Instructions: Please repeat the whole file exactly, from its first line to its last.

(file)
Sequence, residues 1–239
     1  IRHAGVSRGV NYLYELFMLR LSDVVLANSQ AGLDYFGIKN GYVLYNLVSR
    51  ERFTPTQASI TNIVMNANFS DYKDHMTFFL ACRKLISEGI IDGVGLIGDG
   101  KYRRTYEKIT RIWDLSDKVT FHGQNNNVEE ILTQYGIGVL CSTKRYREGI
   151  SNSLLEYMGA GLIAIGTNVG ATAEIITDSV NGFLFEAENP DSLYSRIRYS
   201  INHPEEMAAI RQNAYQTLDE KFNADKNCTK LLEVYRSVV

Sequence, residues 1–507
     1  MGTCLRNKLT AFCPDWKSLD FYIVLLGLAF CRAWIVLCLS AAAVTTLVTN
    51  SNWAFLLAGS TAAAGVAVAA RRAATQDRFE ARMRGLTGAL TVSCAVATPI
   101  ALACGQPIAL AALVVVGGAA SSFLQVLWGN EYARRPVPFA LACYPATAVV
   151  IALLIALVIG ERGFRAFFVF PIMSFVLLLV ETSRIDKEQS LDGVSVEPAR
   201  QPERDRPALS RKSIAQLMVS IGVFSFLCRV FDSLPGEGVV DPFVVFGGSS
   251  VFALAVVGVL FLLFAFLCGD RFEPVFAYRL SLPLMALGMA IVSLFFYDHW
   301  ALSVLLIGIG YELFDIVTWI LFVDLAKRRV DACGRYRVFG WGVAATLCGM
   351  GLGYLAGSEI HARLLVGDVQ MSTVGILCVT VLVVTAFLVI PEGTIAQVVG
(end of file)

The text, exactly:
Sequence, residues 1–239
     1  IRHAGVSRGV NYLYELFMLR LSDVVLANSQ AGLDYFGIKN GYVLYNLVSR
    51  ERFTPTQASI TNIVMNANFS DYKDHMTFFL ACRKLISEGI IDGVGLIGDG
   101  KYRRTYEKIT RIWDLSDKVT FHGQNNNVEE ILTQYGIGVL CSTKRYREGI
   151  SNSLLEYMGA GLIAIGTNVG ATAEIITDSV NGFLFEAENP DSLYSRIRYS
   201  INHPEEMAAI RQNAYQTLDE KFNADKNCTK LLEVYRSVV

Sequence, residues 1–507
     1  MGTCLRNKLT AFCPDWKSLD FYIVLLGLAF CRAWIVLCLS AAAVTTLVTN
    51  SNWAFLLAGS TAAAGVAVAA RRAATQDRFE ARMRGLTGAL TVSCAVATPI
   101  ALACGQPIAL AALVVVGGAA SSFLQVLWGN EYARRPVPFA LACYPATAVV
   151  IALLIALVIG ERGFRAFFVF PIMSFVLLLV ETSRIDKEQS LDGVSVEPAR
   201  QPERDRPALS RKSIAQLMVS IGVFSFLCRV FDSLPGEGVV DPFVVFGGSS
   251  VFALAVVGVL FLLFAFLCGD RFEPVFAYRL SLPLMALGMA IVSLFFYDHW
   301  ALSVLLIGIG YELFDIVTWI LFVDLAKRRV DACGRYRVFG WGVAATLCGM
   351  GLGYLAGSEI HARLLVGDVQ MSTVGILCVT VLVVTAFLVI PEGTIAQVVG